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  • Location: New Braunfels, Texas
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View Sample Pages : New Braunfels Herald Zeitung, June 16, 1995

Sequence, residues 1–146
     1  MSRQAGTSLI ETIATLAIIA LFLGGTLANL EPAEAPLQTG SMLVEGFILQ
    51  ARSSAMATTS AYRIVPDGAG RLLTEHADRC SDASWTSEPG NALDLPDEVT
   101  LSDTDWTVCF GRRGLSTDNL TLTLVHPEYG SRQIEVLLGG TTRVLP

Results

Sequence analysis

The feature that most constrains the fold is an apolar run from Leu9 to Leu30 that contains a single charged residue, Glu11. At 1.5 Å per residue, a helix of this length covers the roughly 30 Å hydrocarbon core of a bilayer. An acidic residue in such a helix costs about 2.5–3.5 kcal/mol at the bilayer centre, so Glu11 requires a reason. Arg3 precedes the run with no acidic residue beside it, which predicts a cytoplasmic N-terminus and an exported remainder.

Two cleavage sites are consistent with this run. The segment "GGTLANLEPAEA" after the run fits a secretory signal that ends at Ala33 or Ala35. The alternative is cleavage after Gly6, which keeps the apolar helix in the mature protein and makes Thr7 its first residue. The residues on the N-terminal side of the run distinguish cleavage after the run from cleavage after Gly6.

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New Braunfels Herald Zeitung (Newspaper) - June 16, 1995, New Braunfels, Texas Friday, June 16,1995 ■ Herald-Zeitunfl ■ 5 A Your hometown newspaper. The Friday, March 24 Herald-Zeitung was 16 pages. It contained 54 local stories, and 986 local people had their name in the paper that one day. Band Boosters give scholarships The NBHS Band Boosters recently awarded three $800 scholarships to three well-deserving seniors at the annual NBHS Band Banquet. This year’s recipients are Amy Grunwald, Bert Guzenski, and Barbara Ruppel. Amy, daughter of Kerry and Rusty Grunwald, will attend Texas Lutheran College and major In psychology. Bart, son of Gwen and Al Guzenski, will attend the University of Texas at Austin where he plans to major in accounting. Barbara, daughter of Mildred and Harvey Ruppel, will also attend UT in Austin and major in architecture. Each of the students will continue to panic! pate in band at their respective colleges. i Livestock owners alerted to watch for viral disease Rodeo Days "Old Timers Rodeo” June 17th By JOE TAYLOR Qounty Extension Agent • Texas livestock and horse owners are being urged to be on the lookout for diurnals with excessive salivation, loss Of appetite, blisters or lesions around tjieir mouths, tongues, hooves or teats—a sign that their livestock has been affected by the Vesicular Stomatitis vims. * Vesicular Stomatitis, which is usually not fatal, has been confirmed in horses in New Mexico in three regions: fn a 15-mile area around Las Cruces, fnd in 30-mile areas around Albuquerque and Silver City. A task force from the U.S. Department of Agriculture, Veterinary Services, has been dispatched to the state to assist state personnel with diagnosis and quarantining of infected animals. i In Texas, the Texas Animal Health Commission (TAHC) is urging producers to be alert for signs of the infection, so that immediate action may be taken to halt the spread of the disease, which has an incubation period of 2-8 days. If compatible symptoms are noticed in any animals in a herd, veterinarians or owners should call their TAHC area office or the headquarters in Austin at 512-719-0700 or the USDA at 512-482-5555. An animal health inspector or veterinarian will be sent to the premises to assist in making a diagnosis. Affected and exposed animals will be quarantined for 30 days after the last lesions heal. Vesicular Stomatitis is usually not fatal and has occurred with varying frequency in North and South America. Typically, the infection affects cattle, horses or swine, but sheep and goats, deer, bobcats, and raccoons can also become infected. Initially, an outbreak may be caused by insect vectors, but then the vims can move from animal to animal by contact with the fluid from ruptured lesions, or saliva. Persons who handle potentially infected animals should wear rubber or latex gloves, as they can contract the vims and develop symptoms including fever, muscle aches and headache. Infected animals develop painful blisters that swell and break, leaving raw tissue that cause them to refuse water or food. The blisters may also appear around the top of the hooves, resulting in temporary lameness. Severe weight loss accompanies the infection, and in dairy cattle, a dramatic drop in milk production occurs. “Affected animals will usually recover in about two weeks from the vims,” said Dr. Max Coats, state epidemiologist for the TAHC. “There is no specific treatment or cure, except preventing a secondary infection where the blisters have broken.” “A major concern about the vims is that the sign in cattle, sheep and swine are similar to the dangerous foreign animal infection, foot-and-mouth disease. Only laboratory tests can determine which vims has infected the animal. We are always on guard against foreign animal diseases, and that’s why it is very important to know which disease has affected a herd,” said Dr Coats. In New Mexico, state and federa personnel are investigating 37 report: of affected animals. The team is advis ing livestock owners to avoid congregating animals, to prevent the spread of infection. A number of horse shows, rodeos, and livestock exhibitions in southern New Mexico have been canceled. Animals with any Vesicular Stomatitis symptoms should not be moved from the premises, as this could spread disease to other farms and ranches. The owners or veterinarians should call the TAHC or USDA immediately for diagnostic assistance,” said Dr. Coats. “To aid in preventing infection, flies should be controlled, and persons should remember to use rubber gloves if they handle any animals that appear to be infected.” Rodeo 8pm Perry pledges to cut paperwork for farmers By DENISE DZIUK Staff Writer Outdated regulations imposed by the Texas Department of Agriculture may soon be removed from the books thanks to an unprecedented sunset review. Agriculture Commissioner Rick Perry believes over regulation is a threat to the economic health of Texas and I announced plans for a sunset review of !all TDA regulations in an attempt to ;remove any that are meaningless or outdated. ; On Aug. 31,1996, the hundreds of •rules set by the TDA will expire. •Before then, the TDA will do a com-! plete review of each, determining if it I is still useful, if it needs modifying, ,'or if it is fine the way it is. Only the ; ones which protect the public and nat-; ural resources in the least intrusive ; manner possible will be kept. The pub- • lie will also have a say in the future of • the regulations. The IDA will listen to ! public comment on the regulations ; before any proposed changes or repeals ; are made, Perry said. “We will debate, discuss and thor- • oughly dissect them, and in the end ! produce a better, more reasonable and I more efficient regulatory program,” I said Perry. | Comal County Extension Agent Joe ; Taylor said several regulations are nec essary to guarantee the safety of the general public and he would not want to see them removed. However, he said Texans are overregulated and certain agricultural rules cannot be the same for people all over the state because there is too much diversity. “It does need to be updated though,” he said. “Some of the things we were doing in the 70s are probably still on the books and aren’t needed anymore.” Many of these regulations seem to serve no real purpose. One such example is a TDA requirement for butter and margarine that forces packagers to produce a certain size of product. The current rule, which TDA is considering eliminating, requires that these products be sold in standard sizes of a quarter pound, half a pound, a pound, one and a half pounds, or 24 ounces. This rule does not allow the producer to follow consumer preferences, which may be for smaller sizes. Perry said this is only one example and he expects to find many more during the review. “In the end, all these little, minor paperwork annoyances add up in a big way to hinder business and stifle economic activity and competitiveness. And that’s why unworkable regulations must be rooted out,” said Perry. COMPUTER SALES, SERVICE Affordable Upgrades Training, networking We provide FREE setup & COMPLETE SUPPORT CALL I!!! PC V.A.R. 625-2722 TXRBXI STATION I.iitlics' Urn nill wi\ smal l Cogs OSeneJtci. 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